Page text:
Why I Breastfeed my 2 Year Old

I didn’t want to breastfeed my son. Well not entirely at least. Let me contradict myself by firstly explaining that I am an advocate of breastfeeding. I did the peer supporter course, and I breastfed my daughter until age 2 and a half. However, when I was pregnant with my son, before I was even pregnant actually, I was adamant I was going to combination feed him pretty much from the get-go.

The reason for that was because I found it tricky to wean my little girl. At 2.5yrs old she understandably was very attached to breastfeeding; it was all she’d ever known and suddenly mum wanted to cancel it forever. It was a difficult time, but I had been ready to wean her for a good year or so and even though I did it really gradually, it was still a very difficult transition for her which I felt awful about. And so, when planning another baby this experience definitely factored in to the whole ‘I’m going to plan everything so it all goes much more smoothly on my second baby’. The plan was to breastfeed for the first few months gradually introducing a bottle of formula which would decrease my supply of milk incrementally then fully weaning him off the breast by about 10 months, 1 year at the maximum. How come I’m still feeding him at 2 then?

breastfeeding

Breastfeeding in the NICU

Well, first of all his birth didn’t go to plan. I mean catastrophically didn’t go to plan. Cue me delivering a breech baby on my bathroom floor with no pain relief. He was born not breathing and needed CPR twice in the ambulance on the way to hospital. He was admitted to NICU and received a lot of care and treatment during the first 2 weeks of his life. I knew the best thing I could do for him within my power was to give him breastmilk, so that’s what I did. I set my alarm for 4am to get up to pump to encourage my supply and every night thereafter. Sure enough my body knew what to do and by the time he got home, having not had chance to sync with each other due to separation, I actually had an issue with over-supply (which is not nearly as great as it sounds at all.) The first time I fed him was at the hospital when he was 8 days old. Rich and I were over the moon when he first latched on. Because of the possible effects of lack of oxygen at birth, the fact that he was able to breastfeed was a really good sign. (He is now fine by the way, a very happy and healthy 2-year-old).

Already there had been a fight to provide my precious son with my own milk. Pumping on a regular schedule, storing the milk properly then transporting it in cooler bags to the hospital to be stored there for him.

Sleeping

Pain of Silent Reflux

His first night home was the most relaxed, blissful night, it was wonderful and we all slept well. Soon after, however, he began crying a lot. Which soon turned into screaming with pain. He would crunch up seemingly with stomach pain, his nappies were stinky beyond stinky and full of green mucous, and all this resulted in nursing aversion where he wouldn’t feed. He would cry for a feed, latch on and then pull his head back screaming in pain. Although he was so obviously hungry, he could not feed. I can’t quite describe how scary it is to have a weeks old baby who won’t feed. My husband and I were absolutely stumped. We didn’t know what to do to help him. It was really horrible and terrifying. I got some help from the GP thankfully and he was diagnosed with silent reflux and cow’s milk protein allergy. It certainly wasn’t smooth running from then by any means but the support from the GP was invaluable. Pop went my fabulous idea of introducing formula as the majority of them available in the supermarkets are made from cow’s milk.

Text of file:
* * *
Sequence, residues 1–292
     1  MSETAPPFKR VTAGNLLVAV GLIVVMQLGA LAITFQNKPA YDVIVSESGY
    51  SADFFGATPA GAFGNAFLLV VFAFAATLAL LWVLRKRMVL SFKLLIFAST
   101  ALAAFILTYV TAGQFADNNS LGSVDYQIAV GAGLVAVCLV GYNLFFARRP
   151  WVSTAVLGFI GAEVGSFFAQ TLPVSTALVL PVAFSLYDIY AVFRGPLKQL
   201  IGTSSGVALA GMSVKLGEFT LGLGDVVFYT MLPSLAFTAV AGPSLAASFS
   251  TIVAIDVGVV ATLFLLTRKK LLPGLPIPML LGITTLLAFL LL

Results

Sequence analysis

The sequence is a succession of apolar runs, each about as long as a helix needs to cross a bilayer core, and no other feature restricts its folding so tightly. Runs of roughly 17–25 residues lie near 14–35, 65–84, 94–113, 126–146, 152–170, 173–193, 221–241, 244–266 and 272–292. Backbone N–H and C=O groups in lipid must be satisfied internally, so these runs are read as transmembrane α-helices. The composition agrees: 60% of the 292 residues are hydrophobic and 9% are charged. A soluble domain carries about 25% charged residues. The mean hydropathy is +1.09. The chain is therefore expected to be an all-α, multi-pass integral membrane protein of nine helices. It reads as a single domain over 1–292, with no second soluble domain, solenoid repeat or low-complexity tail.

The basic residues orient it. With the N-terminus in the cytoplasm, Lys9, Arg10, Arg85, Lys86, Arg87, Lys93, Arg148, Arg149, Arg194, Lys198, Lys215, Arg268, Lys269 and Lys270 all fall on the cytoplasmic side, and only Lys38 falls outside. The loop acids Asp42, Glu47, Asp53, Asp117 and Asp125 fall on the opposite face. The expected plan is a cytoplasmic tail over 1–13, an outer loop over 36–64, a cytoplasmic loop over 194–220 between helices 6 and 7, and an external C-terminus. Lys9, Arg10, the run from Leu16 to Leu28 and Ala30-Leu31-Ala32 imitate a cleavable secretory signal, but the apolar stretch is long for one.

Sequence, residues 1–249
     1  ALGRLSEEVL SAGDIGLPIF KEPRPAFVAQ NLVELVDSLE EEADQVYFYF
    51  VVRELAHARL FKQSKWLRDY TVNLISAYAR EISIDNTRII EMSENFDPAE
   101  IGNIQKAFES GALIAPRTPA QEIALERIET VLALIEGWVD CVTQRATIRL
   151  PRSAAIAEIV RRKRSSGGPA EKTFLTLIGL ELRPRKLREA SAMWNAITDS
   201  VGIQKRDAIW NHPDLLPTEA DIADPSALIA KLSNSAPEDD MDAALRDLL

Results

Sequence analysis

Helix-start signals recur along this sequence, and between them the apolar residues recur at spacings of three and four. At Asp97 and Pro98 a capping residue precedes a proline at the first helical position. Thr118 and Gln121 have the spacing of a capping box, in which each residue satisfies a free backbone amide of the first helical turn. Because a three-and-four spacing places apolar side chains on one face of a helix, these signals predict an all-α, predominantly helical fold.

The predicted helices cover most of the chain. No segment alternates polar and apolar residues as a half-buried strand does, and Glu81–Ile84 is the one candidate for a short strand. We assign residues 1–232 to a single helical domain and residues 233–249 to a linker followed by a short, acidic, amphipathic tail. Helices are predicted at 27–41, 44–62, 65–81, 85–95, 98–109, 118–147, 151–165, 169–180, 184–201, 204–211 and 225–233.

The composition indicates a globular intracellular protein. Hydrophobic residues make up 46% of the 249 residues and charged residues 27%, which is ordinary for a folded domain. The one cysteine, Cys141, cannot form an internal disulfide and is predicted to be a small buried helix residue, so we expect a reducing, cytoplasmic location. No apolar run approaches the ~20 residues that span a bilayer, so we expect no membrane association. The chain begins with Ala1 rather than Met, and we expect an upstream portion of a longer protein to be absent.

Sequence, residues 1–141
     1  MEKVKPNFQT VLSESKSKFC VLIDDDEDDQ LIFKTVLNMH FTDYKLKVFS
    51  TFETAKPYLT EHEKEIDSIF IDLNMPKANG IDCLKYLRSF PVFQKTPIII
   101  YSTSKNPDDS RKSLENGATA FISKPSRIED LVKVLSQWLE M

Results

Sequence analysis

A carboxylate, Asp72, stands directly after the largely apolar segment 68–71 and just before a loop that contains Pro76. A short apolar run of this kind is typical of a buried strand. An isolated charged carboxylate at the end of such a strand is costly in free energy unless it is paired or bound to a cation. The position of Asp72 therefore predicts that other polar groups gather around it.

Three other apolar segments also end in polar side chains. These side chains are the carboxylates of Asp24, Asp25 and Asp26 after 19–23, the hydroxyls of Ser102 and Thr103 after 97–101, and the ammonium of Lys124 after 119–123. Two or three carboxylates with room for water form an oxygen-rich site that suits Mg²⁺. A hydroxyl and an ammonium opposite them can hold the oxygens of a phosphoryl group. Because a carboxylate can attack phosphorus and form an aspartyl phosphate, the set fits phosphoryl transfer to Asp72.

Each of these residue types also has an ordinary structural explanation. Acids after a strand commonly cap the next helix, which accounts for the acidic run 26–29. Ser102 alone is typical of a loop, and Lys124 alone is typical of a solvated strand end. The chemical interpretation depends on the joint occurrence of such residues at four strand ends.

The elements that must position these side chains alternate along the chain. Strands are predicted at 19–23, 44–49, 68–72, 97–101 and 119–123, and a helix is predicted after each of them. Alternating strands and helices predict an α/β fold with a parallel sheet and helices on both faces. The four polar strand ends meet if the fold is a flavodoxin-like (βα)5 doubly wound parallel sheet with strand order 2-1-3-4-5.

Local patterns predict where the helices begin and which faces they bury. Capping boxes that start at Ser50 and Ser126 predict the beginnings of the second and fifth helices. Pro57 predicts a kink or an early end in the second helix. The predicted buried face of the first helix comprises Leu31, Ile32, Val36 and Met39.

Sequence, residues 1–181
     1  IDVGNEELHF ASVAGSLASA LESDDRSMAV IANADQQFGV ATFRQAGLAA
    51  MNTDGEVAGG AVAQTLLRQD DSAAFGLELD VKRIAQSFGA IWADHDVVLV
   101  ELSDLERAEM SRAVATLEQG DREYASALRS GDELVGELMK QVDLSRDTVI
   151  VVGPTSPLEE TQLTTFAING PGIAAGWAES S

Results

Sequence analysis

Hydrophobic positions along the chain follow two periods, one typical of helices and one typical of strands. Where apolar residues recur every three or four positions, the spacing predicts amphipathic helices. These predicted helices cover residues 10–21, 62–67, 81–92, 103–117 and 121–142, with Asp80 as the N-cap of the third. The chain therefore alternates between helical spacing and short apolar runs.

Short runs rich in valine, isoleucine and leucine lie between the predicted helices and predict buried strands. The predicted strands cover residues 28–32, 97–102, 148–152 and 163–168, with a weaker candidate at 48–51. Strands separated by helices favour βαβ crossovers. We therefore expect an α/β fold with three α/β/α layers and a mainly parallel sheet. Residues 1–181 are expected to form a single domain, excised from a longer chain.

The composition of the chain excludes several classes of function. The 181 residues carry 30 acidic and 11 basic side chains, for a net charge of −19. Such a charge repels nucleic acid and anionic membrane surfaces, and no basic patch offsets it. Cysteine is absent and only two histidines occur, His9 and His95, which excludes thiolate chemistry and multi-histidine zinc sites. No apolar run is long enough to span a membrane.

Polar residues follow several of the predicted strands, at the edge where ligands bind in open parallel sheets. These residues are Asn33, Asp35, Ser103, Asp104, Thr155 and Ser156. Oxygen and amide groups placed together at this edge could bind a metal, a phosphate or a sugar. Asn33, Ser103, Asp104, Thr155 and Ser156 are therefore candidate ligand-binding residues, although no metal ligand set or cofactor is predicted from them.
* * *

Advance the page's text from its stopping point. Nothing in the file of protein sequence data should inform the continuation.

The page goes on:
I was still adamant I didn’t want to feed him into toddlerhood as I had done with my daughter, especially now it meant I would need to completely eradicate all dairy from my diet which I had obviously done immediately and was not particularly enjoying! Upon researching silent reflux and CMPA I found there were some formula milks he could have (of course there were!) but they were very expensive and health professionals were quite stringent with them and they had to be prescribed. My next meeting with the health visitor was the next day and she said she was unable to prescribe the milk and I’d have to see a doctor.

Consultant’s Advice

We had a follow up appointment with his consultant at the hospital the following week, so I continued to exclusively breastfeed and was still completely dairy free telling myself it was only temporary. At the appointment I explained all what had been going on and the consultant just basically said that if I could breastfeed him then that was the best thing for him. And that pretty much, was that. I had seen this man on the wards looking after my baby making decisions about his care I couldn’t begin to fathom myself, and I had so much respect for his knowledge and expertise, coupled with the fact he was telling what I already knew; that was that.

Although being the rebellious natured person that I am, I did order a tub of some weird smelling non dairy formula from some obscure pharmacy site in the US which cost about £27 in the end for one tub just to try. He had one bottle and had the biggest poo-splosion ever. It very obviously did not agree with him at all. So that was me dairy free for the next approximately 18 months and that is a whole other story.

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There are lots of benefits of breastfeeding past infancy. I particularly love the Kellymom website for info on all things breastfeeding. Here’s a link for more info about breastfeeding your toddler:

Breastfeeding Past Infancy: Fact Sheet

 

 

 

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